The Bell Curve and its discontents
Yet the parts of this country with the highest mobility rates — like Pittsburgh, Seattle and Salt Lake City — have rates roughly as high as those in Denmark and Norway, two countries at the top of the international mobility rankings. In areas like Atlanta and Memphis, by comparison, upward mobility appears to be substantially lower than in any other rich country, Mr. Chetty said.
The original research out of Berkeley and Harvard is at: http://www.equality-of-opportunity.org/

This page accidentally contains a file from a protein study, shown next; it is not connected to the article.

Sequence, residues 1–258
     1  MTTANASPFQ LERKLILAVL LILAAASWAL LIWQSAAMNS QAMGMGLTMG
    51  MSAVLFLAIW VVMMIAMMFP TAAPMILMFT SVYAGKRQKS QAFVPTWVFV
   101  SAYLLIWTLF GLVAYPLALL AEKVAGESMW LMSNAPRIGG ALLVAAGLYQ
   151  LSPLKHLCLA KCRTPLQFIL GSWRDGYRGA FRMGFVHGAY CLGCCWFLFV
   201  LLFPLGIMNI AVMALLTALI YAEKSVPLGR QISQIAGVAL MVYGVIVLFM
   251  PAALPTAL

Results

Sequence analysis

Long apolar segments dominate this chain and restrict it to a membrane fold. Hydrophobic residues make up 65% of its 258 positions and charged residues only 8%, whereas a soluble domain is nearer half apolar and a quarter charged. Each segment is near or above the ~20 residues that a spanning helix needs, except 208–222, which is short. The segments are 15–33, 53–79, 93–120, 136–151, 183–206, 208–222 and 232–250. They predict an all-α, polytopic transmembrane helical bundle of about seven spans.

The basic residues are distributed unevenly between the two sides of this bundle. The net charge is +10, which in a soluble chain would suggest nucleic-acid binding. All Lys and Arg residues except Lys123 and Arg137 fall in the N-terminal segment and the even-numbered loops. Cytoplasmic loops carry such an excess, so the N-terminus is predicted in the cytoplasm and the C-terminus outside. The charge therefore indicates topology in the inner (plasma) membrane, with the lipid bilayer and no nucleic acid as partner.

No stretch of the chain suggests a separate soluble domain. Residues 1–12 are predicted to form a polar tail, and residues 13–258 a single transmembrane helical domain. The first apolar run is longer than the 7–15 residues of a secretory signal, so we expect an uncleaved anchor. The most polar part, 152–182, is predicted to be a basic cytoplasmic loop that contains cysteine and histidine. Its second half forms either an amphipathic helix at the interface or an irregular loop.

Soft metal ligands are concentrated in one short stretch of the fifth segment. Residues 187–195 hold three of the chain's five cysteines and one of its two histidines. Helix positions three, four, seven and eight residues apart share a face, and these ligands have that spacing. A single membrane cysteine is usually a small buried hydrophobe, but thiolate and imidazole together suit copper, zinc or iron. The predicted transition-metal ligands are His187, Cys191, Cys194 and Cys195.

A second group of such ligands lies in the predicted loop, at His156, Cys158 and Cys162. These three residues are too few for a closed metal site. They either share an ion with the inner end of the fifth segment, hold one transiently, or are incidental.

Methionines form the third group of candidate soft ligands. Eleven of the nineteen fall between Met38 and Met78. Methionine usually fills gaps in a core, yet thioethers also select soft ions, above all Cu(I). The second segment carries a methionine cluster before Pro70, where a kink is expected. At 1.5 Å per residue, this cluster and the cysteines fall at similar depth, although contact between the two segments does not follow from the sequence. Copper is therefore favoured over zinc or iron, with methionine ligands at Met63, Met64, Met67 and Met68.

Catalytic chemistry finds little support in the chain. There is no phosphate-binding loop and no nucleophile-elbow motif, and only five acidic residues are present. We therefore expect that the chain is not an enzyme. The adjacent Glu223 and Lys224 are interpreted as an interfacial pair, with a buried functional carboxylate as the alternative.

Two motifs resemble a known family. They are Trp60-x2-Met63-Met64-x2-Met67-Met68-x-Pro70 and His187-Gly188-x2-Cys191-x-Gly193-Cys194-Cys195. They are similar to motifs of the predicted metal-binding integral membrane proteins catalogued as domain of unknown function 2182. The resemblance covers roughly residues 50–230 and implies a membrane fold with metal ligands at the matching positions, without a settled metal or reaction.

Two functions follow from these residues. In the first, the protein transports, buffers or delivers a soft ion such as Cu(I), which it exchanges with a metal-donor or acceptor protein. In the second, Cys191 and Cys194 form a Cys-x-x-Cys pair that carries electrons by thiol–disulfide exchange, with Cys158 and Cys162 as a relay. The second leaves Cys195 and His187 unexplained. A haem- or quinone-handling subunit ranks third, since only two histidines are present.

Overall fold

This all is far more interesting than is obvious though it is a big deal unto itself . Throughout Pittsburgh's manufacturing-centered economy the income distribution here was anomalous compared to most of the rest of the nation. Most of the nation had a relatively bell-shaped income distribution (albeit with a long upper tail) defined by a large number of households near the middle. One could argue America is defined by that big middle class as it were. What folks don't realize, and what I attribute a lot of our lingering pathologies to, is that Pittsburgh and just a few other regions did not have a big bulge of incomes near the middle. We actually had a bimodal income distribution which means there were two big humps. One concentration of relatively higher incomes and one big concentration of lower incomes. Makes for a very different dynamic and it persisted as long as manufacturing remained the crux of the local economy.